- The other players with the most assists for Messi are Dani Alves (42), Andres Iniesta (37), Xavi (31), Pedro (25), Neymar (22) and Jordi Alba (20).

- Messi has 247 assists for Barca. Since his first goal for the club, he has been involved in 879 of their 2,183 goals in all competitions, or 40.2 per cent.

Picking out the best bits from the career of Andres Iniesta is rather like trying to get the ball off him. It's damnably difficult.

Still, to mark the former Spain and Barcelona star's 36th birthday, we have selected 10 truly top moments from one of the 21st century's finest footballers.

These have been chosen from among his career highlights with Barca and the national team, so, Vissel Kobe fans, we must apologise.

Enjoy a stroll down memory lane to look at 'The Artist' and his finest work...

2006: FINAL SUPER-SUB

Iniesta later admitted his "blood was boiling" when he learned he was on the bench for the 2006 Champions League final against Arsenal.

With Barca 1-0 down at half-time, Frank Rijkaard moved to rectify that error by introducing the midfielder for Edmilson. It proved pivotal.

Fellow subs Henrik Larsson and Juliano Belletti, along with Samuel Eto'o, might have provided the telling touches to secure a 2-1 victory, but it was Iniesta's arrival that catalysed the comeback. Future team-mate Thierry Henry, who was in that Arsenal side, recalled: "The person who really killed me was Andres. When he comes on, everything changes."

 

2009: INIESTAZO AT STAMFORD BRIDGE

Chelsea fans might remember this Champions League semi-final second leg for a string of questionable refereeing decisions, but there is one moment that will forever stay with Barca fans.

The Catalans were moments from going out to a Michael Essien strike, but Iniesta's thumping effort from outside the box in the third minute of injury time sent them through on away goals.

Barca went on to beat Manchester United in the final and win the treble in Pep Guardiola's first season in charge. Iniesta's goal made it all possible.

2010: WORLD CUP GLORY

Iniesta recalled his winning goal in extra time of the 2010 World Cup final as a moment of clarity, when it seemed as though the world drifted into slow motion.

That feeling of calm was a far cry from the year leading up to the tournament, in which the player struggled badly with mental and emotional concerns despite his success on the pitch. "It was like nothing was right," he recalled in his book, The Artist: Being Iniesta.

The loss of his friend Dani Jarque in 2009 - the Espanyol defender who died at just 26 years old - had deeply affected Iniesta, and it was only fitting he celebrated securing Spain's first World Cup by pulling off his shirt to reveal a message beneath reading: "Dani Jarque, always with us."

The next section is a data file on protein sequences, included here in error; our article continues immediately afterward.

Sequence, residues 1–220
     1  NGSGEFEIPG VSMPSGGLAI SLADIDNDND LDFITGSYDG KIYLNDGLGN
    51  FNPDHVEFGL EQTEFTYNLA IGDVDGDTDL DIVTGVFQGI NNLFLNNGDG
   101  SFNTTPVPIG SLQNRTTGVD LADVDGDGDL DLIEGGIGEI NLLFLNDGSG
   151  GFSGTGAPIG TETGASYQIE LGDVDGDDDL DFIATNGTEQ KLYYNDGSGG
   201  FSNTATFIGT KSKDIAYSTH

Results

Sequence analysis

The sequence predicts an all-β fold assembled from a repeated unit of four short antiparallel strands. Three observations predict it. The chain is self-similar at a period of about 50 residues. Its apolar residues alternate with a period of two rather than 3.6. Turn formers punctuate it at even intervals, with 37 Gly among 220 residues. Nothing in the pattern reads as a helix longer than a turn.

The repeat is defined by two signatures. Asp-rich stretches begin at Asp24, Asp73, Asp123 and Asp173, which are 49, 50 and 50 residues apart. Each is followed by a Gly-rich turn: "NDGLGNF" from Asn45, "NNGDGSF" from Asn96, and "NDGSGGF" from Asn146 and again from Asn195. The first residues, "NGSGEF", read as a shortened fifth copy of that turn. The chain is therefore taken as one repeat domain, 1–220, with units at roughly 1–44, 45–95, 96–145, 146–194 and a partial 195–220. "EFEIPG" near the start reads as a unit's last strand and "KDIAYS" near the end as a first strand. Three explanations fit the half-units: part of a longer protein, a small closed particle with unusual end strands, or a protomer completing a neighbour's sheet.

2010: A CLASICO FOR THE AGES

Guardiola's Barca reached their peak in 2010-11 and arguably their greatest performance came in November 2010 against Real Madrid.

Jose Mourinho's first taste of the Clasico as Madrid coach ended in a 5-0 battering at Camp Nou in which Iniesta, Xavi and Sergio Busquets utterly dominated proceedings.

He was not among the goals - Xavi (from Iniesta's pass), Pedro, David Villa (twice) and Jeffren were on the scoresheet - but Iniesta's display underlined his position as one of the world's best midfielders in the finest team on the planet.

2011: UNITED BACK ON THE CAROUSEL

Alex Ferguson famously compared facing a midfield of Xavi and Iniesta to being stuck on a carousel after Barca beat United 2-0 in the 2009 Champions League final.

Two years later, Guardiola's men led the Red Devils on an even dizzier dance, winning 3-1 at Wembley to secure another European triumph. Such was Xavi, Busquets and Iniesta's control over events that even Ferguson could find no complaints over the scoreline.

"They do mesmerise you with the way they pass it," he said. "I would say they're the best team we've faced. Everyone acknowledges that and I accept that. It's not easy when you've been well beaten like that to think another way. No one has given us a hiding like that. It's a great moment for them."

 

2011: A WORLD RUN BY MIDFIELDERS

At the 2011 Club World Cup, Barca went into the final against Santos with David Villa injured and Pedro on the bench. Guardiola's solution? Let's midfield them to death.